[Histonet] picric acid

koellingr <@t> comcast.net koellingr <@t> comcast.net
Sun Feb 5 13:05:54 CST 2012

I whole-heartedly agree with and applaud Amos Brooks playing Devil's advocate. I certainly would never discount the degree of danger with what is a high explosive and would take all due caution using disposal people who know what they are doing. But there is a use for the substance and one needs to separate mystery and uncertainty and incomplete facts and anecdote from actual fact. It is my understanding that while pure, crystalline picric acid might be unstable and shock sensitive (and a danger to a degree), it is the metal or salt picrates that are way, way more dangerous. Thus warnings in chemistry for picric acid; don't use metal spatula's. No metal cans or metal caps. Don't drop on concrete (silica and other things). Don't dispose down drain (lead or other metals). When viewing the chemistry guy in college who "blows up" a minute amount of picric acid on an asbestos pad over a Bunsen burner it is NOT pure picric acid but PA plus Pb (Lead) salt. While artillery shells might have been filled with picric acid they were relatively stable but they became way more unstable if the picric acid reacts with the metal casing or fuse casing (the infamous Halifax Explosion???). Thus the following to my utter dismay. You hear or watch on youtube a "bomb disposal unit"?? blowing up a glass jar of dangerous picric acid they remove from school. In the field right next to a soccer goal post. As a former soccer goalie who used to dive all over the ground my question is; is anyone picking up the thousands of shards of glass from the soccer field? And what about the dispersed picric acid since no chemical reaction is 100% efficient and there must be dangerous picric acid (residue) all over the place. It is not well known but prior to the Trinity blast there was a lot of study of encasing the bomb in an enormous containment vessel called Jumbo. If the lens shaped, multi-firing pin, high explosive nest surrounding the sub-critcal fissionable mass had mis-fired by even a milli-second, the core would have blown to one side instead of attaining criticality by being compressed. As there was very little fissionable grade material on the face of the earth at that point, they wanted to retrieve it "clean it from the environments and re-use it" by containing it. What if they had used Jumbo (it still sits, unused hundreds of yards away from detonation point), while most of it would have vaporized in the successful test, might there not be shards of highly radioactive bits of metal scattered and raining down for hundreds of square miles including on sports fields near towns. Where soccer goalies play?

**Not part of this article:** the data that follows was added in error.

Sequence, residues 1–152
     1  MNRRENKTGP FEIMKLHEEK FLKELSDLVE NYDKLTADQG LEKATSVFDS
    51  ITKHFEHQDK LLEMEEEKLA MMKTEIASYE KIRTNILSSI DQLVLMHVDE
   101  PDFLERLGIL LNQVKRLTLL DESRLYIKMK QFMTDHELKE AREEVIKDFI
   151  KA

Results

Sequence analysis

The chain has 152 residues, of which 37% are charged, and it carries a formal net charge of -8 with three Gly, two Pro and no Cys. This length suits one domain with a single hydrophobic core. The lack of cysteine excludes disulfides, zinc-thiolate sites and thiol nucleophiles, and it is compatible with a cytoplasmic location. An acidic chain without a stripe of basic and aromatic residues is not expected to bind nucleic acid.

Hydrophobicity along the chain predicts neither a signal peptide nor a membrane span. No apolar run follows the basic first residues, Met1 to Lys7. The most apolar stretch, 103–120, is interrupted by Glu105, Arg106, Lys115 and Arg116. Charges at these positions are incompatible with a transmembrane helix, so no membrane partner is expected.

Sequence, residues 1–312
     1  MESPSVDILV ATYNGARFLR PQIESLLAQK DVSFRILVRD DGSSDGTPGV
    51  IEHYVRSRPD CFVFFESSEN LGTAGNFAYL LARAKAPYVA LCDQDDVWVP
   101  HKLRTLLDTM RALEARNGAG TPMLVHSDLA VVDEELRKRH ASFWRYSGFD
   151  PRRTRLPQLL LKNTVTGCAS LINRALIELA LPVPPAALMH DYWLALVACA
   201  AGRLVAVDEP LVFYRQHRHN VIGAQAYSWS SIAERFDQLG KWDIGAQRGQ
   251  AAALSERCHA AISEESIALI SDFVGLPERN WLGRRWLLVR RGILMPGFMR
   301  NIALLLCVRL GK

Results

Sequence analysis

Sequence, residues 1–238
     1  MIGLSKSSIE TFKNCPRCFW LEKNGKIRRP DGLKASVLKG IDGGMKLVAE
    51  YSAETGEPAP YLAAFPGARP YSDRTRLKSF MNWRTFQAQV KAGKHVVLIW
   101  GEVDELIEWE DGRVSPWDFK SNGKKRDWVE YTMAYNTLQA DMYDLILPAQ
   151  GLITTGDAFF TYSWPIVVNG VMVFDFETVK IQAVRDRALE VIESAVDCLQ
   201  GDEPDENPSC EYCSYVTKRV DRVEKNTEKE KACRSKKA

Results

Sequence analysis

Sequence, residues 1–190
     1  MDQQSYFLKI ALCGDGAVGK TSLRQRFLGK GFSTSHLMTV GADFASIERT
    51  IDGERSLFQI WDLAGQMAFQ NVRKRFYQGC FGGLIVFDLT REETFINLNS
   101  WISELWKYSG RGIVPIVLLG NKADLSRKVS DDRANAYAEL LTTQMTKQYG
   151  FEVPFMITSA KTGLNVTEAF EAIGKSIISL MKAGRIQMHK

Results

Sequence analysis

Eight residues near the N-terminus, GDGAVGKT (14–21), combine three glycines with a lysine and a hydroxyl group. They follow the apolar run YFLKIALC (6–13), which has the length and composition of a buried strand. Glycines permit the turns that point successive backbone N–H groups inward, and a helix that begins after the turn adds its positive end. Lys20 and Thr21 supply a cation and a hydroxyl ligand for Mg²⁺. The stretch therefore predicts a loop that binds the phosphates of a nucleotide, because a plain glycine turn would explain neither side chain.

Ray Koelling 
Seattle, Washington 

----- Original Message -----
From: "Amos Brooks" <amosbrooks <@t> gmail.com> 
To: histonet <@t> lists.utsouthwestern.edu 
Sent: Sunday, February 5, 2012 6:47:12 AM 
Subject: [Histonet] picric acid 

The largest disaster I know of related to picric acid (among other 
things) is one that every one working with it should keep in mind. The 
Halifax explosion basically leveled the city of Halifax, Nova Scotia, 
Canada in 1917. While they were carrying much more than the 500 ml to 1 
gallon that we might use it is worth noting the magnitude of what this 
caused. There is a really good Wikipedia article on it here: 
This was a terrible disaster and it underscores why we need to be 
really conscious of the chemicals we work with, and even the ones we 
haven't used in years. 
I would also like to play Devil's advocate here though. Yes there are 
inherent hazards with many chemicals we work with. But, we also need to be 
able use these chemicals in a safe manner. If used safely, these chemicals 
can be used for stains that cannot really be replicated with substitutes. 
Picro-sirius red is a good example of this. 
The solution to hazardous chemicals is not getting rid of them and 
burying your head in the sand. It is education and understanding of the 
hazards and using them properly. 

Amos Brooks 
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